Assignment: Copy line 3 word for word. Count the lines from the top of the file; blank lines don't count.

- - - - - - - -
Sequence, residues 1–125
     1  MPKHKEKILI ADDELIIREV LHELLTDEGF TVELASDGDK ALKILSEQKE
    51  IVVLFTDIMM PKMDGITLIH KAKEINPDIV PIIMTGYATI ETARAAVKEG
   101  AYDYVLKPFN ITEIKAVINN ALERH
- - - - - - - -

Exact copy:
    51  IVVLFTDIMM PKMDGITLIH KAKEINPDIV PIIMTGYATI ETARAAVKEG